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Apple warns of ‘unprecedented’ waste impact if forced to drop Lightning cable

Apple warns of ‘unprecedented’ waste impact if forced to drop Lightning cable

2 months ago

Apple warns of ‘unprecedented’ waste impact if forced to drop Lightning cable

2 months ago


Apple has warned that EU proposals forcing it to stop using its own Lightning cable risks “creating an unprecedented volume of electronic waste”.

The European Parliament recently discussed the possibility of making smartphone makers adopt a common charging port, but Apple argues this could have a negative impact and “stifles innovation”.

“More than one billion Apple devices have shipped using a Lightning connector, in addition to an entire ecosystem of accessory and device manufacturers who use Lightning to serve our collective customers,” a spokesman said.

“Legislation would have a direct negative impact by disrupting the hundreds of millions of active devices and accessories used by our European customers and even more Apple customers worldwide, creating an unprecedented volume of electronic waste and greatly inconveniencing users.”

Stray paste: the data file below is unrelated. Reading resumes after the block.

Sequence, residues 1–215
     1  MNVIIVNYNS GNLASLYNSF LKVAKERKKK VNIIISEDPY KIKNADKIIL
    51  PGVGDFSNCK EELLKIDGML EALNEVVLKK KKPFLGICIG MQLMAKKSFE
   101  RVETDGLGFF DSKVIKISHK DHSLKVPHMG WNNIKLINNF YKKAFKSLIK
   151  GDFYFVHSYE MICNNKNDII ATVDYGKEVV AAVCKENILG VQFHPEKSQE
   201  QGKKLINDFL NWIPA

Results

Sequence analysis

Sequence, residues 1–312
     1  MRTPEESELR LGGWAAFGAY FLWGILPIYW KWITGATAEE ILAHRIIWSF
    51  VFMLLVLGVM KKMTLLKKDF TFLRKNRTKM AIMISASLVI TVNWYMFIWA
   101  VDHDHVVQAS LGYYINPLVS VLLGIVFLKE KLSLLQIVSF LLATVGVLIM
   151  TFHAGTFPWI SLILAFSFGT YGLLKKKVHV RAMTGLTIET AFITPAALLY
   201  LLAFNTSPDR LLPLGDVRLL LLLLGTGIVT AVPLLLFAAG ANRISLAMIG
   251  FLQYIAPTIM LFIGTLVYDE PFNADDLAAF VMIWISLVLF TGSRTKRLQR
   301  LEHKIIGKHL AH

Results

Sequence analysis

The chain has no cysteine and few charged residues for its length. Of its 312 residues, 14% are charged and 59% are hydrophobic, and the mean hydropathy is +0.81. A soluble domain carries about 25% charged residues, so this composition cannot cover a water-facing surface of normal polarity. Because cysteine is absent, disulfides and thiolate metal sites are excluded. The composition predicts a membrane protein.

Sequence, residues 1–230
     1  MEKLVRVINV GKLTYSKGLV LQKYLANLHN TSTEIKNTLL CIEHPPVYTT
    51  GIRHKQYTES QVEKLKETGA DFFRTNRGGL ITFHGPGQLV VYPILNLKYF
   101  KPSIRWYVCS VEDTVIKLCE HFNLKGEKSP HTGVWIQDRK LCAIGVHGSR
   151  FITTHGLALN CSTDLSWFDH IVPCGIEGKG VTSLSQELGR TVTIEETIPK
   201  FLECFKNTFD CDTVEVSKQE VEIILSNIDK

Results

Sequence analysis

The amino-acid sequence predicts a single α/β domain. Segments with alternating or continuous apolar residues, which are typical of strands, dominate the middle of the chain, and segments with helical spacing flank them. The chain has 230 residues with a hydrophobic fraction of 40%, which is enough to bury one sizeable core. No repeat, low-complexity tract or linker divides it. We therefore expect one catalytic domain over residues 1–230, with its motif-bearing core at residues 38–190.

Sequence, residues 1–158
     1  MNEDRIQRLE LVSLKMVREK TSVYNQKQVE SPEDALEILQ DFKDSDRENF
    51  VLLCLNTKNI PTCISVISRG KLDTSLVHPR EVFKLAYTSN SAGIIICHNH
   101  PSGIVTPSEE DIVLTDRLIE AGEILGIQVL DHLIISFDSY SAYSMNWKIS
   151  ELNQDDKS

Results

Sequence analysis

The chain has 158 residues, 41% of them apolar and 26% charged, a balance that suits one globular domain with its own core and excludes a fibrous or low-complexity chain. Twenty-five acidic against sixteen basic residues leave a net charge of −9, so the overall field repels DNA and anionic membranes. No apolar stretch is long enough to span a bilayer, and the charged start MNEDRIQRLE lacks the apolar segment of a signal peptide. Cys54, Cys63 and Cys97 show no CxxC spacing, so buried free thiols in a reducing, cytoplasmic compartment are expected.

They continued: “We believe regulation that forces conformity across the type of connector built into all smartphones stifles innovation rather than encouraging it, and would harm consumers in Europe and the economy as a whole.”

According to estimates, old chargers generate more than 51,000 tonnes of electronic waste per year.

MEPs are calling for binding measures for chargers to fit all mobile phones and other portable devices.

Apple
Apple said it did not believe there was a case for regulation (Yui Mok/PA)

In 2009, a voluntary pledge was signed by the likes of Apple, Nokia and Samsung to make chargers compatible with the micro-USB standard.

While many went on to adopt micro-USB, Apple went ahead with its own Lightning port in 2012 and sold a micro-USB adaptor instead.

Some smartphone makers have now evolved to USB-C, which charges devices faster than the old micro-USB.

Apple also moved to USB-C on the iPad Pro tablet, as well as MacBook laptops.

“We do not believe there is a case for regulation given the industry is already moving to the use of USB Type-C through a connector or cable assembly,” Apple continued.

“This includes Apple’s USB-C power adapter which is compatible with all iPhone and iPad devices.

“This approach is more affordable and convenient for consumers, enables charging for a wide range of portable electronic products, encourages people to re-use their charger and allows for innovation.”


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